It was meant to be a light-hearted advertisement to support a new product campaign.
Instead, the Ad Standards Community Panel found a Carlton & United Breweries advertisement breached the AANA Code of Ethics.
CUB ran a promotion to support the launch of its Rusty Yak Gingery Ale. Consumers who found a bottle of the product (a “red head”) in a standard Yak Ale 6 pack could redeem it for $500.
Quite a clever concept. However, the ad stated that the aim was to stop the spread of the “ginger gene” lurking in the population.
Complaints alleged the ad ridiculed a group of people in breach of s2.1 of the AANA Code of Ethics which states:
Advertisements shall not portray or depict material in a way which discriminates against or vilifies a person or section of the community on account of race, ethnicity, nationality, gender, age, sexual preference, religion, disability, mental illness or political belief.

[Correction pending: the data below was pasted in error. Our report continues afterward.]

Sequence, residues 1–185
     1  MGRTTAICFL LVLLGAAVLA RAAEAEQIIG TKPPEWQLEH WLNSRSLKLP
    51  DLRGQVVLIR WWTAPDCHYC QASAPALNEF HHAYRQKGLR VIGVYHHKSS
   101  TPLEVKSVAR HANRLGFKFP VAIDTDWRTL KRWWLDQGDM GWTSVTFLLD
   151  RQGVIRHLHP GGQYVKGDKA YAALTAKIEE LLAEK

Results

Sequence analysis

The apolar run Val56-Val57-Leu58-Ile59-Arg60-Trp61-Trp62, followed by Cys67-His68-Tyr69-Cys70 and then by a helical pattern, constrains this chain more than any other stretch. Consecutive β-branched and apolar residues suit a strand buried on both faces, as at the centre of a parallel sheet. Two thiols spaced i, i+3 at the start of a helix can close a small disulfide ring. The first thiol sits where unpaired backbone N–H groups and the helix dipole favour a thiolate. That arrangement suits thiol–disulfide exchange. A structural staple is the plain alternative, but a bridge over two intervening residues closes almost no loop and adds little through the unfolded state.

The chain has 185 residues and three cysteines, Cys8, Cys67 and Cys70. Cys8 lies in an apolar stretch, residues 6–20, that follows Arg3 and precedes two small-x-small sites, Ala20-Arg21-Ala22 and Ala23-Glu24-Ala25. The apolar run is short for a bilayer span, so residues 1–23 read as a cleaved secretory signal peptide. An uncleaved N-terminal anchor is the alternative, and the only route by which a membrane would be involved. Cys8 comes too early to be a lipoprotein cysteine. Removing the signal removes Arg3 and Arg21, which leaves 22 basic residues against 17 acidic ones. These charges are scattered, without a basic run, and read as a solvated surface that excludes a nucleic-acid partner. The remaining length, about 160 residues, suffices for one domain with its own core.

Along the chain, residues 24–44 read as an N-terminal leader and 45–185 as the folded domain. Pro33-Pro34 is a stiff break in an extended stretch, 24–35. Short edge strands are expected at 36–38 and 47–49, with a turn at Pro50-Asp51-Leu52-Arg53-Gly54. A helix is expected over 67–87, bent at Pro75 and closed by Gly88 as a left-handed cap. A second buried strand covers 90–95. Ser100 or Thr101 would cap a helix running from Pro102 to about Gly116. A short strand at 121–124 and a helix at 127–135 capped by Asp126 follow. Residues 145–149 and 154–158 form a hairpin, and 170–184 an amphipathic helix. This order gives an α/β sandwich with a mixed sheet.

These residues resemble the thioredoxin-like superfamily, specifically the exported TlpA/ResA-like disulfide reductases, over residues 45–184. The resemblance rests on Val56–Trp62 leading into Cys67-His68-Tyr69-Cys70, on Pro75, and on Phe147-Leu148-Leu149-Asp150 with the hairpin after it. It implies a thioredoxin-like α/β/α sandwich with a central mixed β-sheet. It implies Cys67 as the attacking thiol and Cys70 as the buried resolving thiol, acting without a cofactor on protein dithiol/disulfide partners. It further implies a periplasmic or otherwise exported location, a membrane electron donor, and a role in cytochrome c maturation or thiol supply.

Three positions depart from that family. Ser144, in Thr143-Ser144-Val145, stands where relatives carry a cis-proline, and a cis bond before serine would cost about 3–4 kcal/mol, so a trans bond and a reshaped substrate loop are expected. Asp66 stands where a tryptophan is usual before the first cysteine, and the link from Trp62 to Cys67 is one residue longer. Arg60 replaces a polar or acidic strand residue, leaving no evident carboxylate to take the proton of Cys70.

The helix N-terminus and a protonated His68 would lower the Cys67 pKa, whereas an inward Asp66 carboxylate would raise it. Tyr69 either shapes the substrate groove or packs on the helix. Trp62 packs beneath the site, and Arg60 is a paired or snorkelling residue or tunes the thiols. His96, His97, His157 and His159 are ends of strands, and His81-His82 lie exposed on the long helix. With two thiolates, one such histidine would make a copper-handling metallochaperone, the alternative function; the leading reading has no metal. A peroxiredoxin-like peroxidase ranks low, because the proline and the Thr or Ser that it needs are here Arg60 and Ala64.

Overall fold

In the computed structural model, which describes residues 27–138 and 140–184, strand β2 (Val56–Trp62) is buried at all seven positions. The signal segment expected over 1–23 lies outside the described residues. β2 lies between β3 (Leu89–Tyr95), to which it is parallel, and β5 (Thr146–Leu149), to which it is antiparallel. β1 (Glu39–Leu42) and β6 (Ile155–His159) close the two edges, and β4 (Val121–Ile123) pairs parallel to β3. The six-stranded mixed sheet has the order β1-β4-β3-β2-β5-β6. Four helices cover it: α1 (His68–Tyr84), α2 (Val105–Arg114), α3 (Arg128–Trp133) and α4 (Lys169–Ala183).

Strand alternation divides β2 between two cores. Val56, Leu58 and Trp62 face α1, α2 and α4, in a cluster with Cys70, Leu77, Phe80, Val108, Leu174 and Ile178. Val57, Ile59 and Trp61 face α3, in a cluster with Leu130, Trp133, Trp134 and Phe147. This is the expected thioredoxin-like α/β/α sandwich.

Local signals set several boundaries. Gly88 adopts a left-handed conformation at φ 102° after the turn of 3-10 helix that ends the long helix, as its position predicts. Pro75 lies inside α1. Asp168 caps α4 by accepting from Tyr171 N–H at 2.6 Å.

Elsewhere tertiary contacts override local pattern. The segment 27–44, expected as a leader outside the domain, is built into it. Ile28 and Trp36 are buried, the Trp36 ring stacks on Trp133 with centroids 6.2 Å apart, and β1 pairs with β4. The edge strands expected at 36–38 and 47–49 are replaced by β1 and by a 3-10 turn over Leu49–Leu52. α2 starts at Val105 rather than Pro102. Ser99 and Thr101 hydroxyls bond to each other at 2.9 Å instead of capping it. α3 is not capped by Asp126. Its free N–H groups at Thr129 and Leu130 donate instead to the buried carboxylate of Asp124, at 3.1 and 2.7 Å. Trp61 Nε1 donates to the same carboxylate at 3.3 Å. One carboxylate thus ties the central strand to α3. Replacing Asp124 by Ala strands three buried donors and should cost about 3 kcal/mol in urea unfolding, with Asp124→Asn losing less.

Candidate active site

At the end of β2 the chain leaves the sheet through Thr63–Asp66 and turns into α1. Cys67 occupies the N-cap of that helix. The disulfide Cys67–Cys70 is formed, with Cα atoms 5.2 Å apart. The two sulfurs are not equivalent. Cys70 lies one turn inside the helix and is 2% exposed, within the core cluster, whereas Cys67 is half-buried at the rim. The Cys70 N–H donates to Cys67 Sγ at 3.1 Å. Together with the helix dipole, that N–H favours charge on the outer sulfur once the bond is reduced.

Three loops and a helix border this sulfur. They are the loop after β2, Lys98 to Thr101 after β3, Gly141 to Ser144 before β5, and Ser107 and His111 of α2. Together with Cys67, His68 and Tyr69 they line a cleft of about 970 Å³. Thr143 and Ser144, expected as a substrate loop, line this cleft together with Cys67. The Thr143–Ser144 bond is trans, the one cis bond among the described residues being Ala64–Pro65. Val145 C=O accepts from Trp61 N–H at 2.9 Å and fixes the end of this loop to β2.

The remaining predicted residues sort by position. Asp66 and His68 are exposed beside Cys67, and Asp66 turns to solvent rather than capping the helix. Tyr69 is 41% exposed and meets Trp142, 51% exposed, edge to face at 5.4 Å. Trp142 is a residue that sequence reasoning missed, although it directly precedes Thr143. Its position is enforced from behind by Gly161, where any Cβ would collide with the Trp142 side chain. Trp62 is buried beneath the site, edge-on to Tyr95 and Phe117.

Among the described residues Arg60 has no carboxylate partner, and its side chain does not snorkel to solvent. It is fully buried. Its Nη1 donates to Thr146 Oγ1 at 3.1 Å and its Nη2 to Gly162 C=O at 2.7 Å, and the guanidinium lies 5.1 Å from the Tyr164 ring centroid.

Can you vilify on account of hair colour?
CUB argued hair colour is not an attribute that falls within the categories of race, ethnicity, nationality etc, under s2.1, and that the ad was intended to be humorous and not designed to offend.
The Panel considered the practice note for s2.1 which defines “race” in broad terms including colour, descent or ancestry, ethnicity and nationality, and also referenced a 2012 finding that an ad featuring the words “less popular than a red-headed step-child” breached s2.1 because it overstepped the mark between humour and vilification of an identifiable group.
Accordingly, the complaints were upheld.
Ads which poke fun at sections of the population are bound to attract complaints.
It’s important to critically review your campaign from all angles and perspectives to ensure your ad doesn’t cross the line.
ABOUT THE AUTHOR
David Kelly is the founder of KHQ Approved, which offers fixed fee solutions across a range of areas (including marketing law and contract review). Peace of mind from an experienced team for a reasonable price.